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A Crosstown Walk to Assess Environmental Changes Along an Urban Socioeconomic Gradient

In this Experiment, students examine the relationships between demographic factors (economic, social, etc.) and environmental quality. Students observe and collect data on the differences in environment and human quality of life along a cross-town transect spanning a socioeconomic gradient in a city. The authors used a transect in Washington, DC that runs along T Street, spanning approximately 25 blocks from 4th Street NE (LeDroit Park) to 20th Street NW (Dupont Circle). The experiment is similar to ecological and environment studies that have traditionally focused on measurements of species distribution and abundance, but this exercise places those measurements within an anthropogenic context and relates environmental conditions to issues of public health and safety.
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Primary or BEN resource type
Discipline Specific Core Concepts
Life science discipline (subject)
Keywords environmental justice; urban; gradient; observation; Washington, DC; demography; anthropogenic
Key taxa human; Homo sapiens
Intended End User Role
Educational Language
Pedagogical Use Description This Experiment is an opportunity for students to collect data to answer environmental questions within an anthropogenic context. Students have likely made informal observations about environmental conditions between neighborhoods within cities, and this field experiment encourages critical thinking about the relationships between an urban gradient and environmental variables. Students gain experience recording and organizing data from their observations. They can also be guided toward researching a group question and collecting data on variables such as: 1) identification, measurement, and determination of the condition of street trees, 2) estimation of bird or insect biodiversity, and 3) determination of the amount and types of greenspaces (tree boxes, lawns, schoolyards, and parks). The activity can be adapted to different urban gradients (cross-urban, urban-rural).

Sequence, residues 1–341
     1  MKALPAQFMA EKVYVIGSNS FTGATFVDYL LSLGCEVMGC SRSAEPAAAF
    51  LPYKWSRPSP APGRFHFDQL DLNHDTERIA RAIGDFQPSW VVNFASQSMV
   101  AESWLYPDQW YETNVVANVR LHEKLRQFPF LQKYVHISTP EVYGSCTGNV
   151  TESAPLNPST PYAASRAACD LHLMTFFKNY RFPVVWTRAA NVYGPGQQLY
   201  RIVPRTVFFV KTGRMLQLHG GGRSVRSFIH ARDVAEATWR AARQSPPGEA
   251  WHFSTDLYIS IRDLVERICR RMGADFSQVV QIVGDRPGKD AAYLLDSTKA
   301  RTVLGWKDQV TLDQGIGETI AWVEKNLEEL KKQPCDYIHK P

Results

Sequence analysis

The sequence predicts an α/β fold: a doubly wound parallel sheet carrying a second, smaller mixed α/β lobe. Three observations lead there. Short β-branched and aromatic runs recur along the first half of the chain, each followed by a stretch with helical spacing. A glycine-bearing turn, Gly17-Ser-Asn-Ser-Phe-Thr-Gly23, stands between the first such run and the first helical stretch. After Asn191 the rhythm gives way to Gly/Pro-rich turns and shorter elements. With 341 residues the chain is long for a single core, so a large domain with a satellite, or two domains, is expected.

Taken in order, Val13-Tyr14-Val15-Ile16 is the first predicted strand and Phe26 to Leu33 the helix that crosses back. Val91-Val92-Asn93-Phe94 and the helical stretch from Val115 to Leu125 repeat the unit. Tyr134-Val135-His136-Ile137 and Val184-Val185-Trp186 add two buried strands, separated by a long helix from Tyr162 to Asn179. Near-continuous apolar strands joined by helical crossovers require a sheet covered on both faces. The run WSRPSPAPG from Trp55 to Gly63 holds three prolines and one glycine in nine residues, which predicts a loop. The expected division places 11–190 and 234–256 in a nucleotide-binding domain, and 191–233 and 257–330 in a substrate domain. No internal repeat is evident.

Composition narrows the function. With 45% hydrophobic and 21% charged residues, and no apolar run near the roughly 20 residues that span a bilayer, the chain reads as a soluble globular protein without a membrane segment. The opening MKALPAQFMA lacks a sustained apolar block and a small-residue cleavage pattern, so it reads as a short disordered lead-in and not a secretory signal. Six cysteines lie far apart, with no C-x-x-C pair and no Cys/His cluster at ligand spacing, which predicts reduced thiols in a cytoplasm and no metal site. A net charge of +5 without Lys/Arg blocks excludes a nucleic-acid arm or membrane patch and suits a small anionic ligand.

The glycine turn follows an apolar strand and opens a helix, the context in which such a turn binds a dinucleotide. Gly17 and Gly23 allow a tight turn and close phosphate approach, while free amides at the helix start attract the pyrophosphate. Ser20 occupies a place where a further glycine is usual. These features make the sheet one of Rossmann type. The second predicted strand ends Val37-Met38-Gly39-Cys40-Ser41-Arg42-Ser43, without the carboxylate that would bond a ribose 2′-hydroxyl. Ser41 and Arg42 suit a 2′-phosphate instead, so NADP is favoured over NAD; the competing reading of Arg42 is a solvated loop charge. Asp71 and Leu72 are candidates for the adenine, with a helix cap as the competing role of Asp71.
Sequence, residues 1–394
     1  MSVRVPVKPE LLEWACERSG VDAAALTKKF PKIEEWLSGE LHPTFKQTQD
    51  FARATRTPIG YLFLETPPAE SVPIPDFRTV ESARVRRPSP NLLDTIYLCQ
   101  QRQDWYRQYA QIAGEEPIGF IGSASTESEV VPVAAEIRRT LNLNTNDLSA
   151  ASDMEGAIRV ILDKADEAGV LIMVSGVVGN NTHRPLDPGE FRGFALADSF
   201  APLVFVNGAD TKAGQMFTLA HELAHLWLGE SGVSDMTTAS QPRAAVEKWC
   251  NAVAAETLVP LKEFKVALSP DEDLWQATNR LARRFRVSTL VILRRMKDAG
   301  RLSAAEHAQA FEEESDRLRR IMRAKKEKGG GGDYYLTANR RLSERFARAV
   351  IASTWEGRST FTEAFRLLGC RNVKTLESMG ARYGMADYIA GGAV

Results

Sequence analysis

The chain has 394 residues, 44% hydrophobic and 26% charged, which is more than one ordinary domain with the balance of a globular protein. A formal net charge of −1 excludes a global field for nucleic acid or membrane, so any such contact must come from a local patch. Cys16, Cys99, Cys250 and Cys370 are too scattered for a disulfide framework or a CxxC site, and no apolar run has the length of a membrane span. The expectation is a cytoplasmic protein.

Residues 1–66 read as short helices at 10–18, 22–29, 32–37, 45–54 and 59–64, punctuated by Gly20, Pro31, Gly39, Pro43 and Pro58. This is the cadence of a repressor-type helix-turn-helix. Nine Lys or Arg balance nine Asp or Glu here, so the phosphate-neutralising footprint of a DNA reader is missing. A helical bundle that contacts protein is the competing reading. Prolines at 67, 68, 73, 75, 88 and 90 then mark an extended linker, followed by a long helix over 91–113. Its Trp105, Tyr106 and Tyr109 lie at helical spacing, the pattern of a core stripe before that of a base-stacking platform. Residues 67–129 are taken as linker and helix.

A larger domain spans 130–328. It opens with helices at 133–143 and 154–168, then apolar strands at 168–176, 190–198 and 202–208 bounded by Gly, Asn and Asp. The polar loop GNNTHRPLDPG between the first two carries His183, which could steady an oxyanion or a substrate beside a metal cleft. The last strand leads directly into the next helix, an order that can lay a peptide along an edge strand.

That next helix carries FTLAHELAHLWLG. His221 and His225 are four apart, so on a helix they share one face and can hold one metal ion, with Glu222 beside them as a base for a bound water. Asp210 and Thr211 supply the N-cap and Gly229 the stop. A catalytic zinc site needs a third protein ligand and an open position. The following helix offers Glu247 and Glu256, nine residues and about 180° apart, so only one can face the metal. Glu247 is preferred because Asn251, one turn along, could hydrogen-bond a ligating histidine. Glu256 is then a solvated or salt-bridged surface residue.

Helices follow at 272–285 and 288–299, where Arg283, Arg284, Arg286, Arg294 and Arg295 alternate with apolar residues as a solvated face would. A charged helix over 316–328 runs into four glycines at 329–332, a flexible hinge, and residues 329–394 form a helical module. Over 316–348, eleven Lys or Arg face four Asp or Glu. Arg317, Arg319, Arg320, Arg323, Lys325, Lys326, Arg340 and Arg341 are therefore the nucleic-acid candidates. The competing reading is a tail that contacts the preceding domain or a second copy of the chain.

Primary Author Controlled Name
Primary Author Affiliation Howard University, Dept. of Biology

University of Missouri-Columbia, Department of Fisheries & Wildlife Sciences
Primary Author email
Rights Copyright 2005 by George Middendorf, Charles Nilon, and the Ecological Society of America.
Date Of Record Submission 2007-11-01

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